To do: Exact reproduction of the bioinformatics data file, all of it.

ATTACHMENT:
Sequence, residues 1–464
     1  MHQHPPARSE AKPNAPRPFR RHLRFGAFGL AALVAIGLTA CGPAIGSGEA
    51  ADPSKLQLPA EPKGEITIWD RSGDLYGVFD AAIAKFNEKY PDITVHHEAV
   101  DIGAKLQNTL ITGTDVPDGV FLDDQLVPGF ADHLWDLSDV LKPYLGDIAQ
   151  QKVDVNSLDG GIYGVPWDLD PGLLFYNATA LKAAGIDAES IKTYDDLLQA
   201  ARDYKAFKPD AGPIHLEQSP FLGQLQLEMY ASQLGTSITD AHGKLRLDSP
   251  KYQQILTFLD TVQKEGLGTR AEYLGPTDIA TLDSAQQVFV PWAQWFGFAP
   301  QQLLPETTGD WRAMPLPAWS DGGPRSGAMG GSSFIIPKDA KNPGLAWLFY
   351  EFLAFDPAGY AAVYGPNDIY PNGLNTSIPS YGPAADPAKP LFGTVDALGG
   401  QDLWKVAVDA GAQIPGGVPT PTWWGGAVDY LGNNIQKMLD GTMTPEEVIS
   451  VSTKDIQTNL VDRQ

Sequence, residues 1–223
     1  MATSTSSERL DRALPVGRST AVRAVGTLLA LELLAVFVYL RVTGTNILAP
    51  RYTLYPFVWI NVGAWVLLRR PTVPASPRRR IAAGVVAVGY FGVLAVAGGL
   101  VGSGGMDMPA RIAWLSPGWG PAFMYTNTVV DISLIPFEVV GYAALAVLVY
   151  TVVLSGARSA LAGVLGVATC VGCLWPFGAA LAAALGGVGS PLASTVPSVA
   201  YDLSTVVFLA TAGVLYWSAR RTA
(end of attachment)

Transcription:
Sequence, residues 1–464
     1  MHQHPPARSE AKPNAPRPFR RHLRFGAFGL AALVAIGLTA CGPAIGSGEA
    51  ADPSKLQLPA EPKGEITIWD RSGDLYGVFD AAIAKFNEKY PDITVHHEAV
   101  DIGAKLQNTL ITGTDVPDGV FLDDQLVPGF ADHLWDLSDV LKPYLGDIAQ
   151  QKVDVNSLDG GIYGVPWDLD PGLLFYNATA LKAAGIDAES IKTYDDLLQA
   201  ARDYKAFKPD AGPIHLEQSP FLGQLQLEMY ASQLGTSITD AHGKLRLDSP
   251  KYQQILTFLD TVQKEGLGTR AEYLGPTDIA TLDSAQQVFV PWAQWFGFAP
   301  QQLLPETTGD WRAMPLPAWS DGGPRSGAMG GSSFIIPKDA KNPGLAWLFY
   351  EFLAFDPAGY AAVYGPNDIY PNGLNTSIPS YGPAADPAKP LFGTVDALGG
   401  QDLWKVAVDA GAQIPGGVPT PTWWGGAVDY LGNNIQKMLD GTMTPEEVIS
   451  VSTKDIQTNL VDRQ

Sequence, residues 1–223
     1  MATSTSSERL DRALPVGRST AVRAVGTLLA LELLAVFVYL RVTGTNILAP
    51  RYTLYPFVWI NVGAWVLLRR PTVPASPRRR IAAGVVAVGY FGVLAVAGGL
   101  VGSGGMDMPA RIAWLSPGWG PAFMYTNTVV DISLIPFEVV GYAALAVLVY
   151  TVVLSGARSA LAGVLGVATC VGCLWPFGAA LAAALGGVGS PLASTVPSVA
   201  YDLSTVVFLA TAGVLYWSAR RTA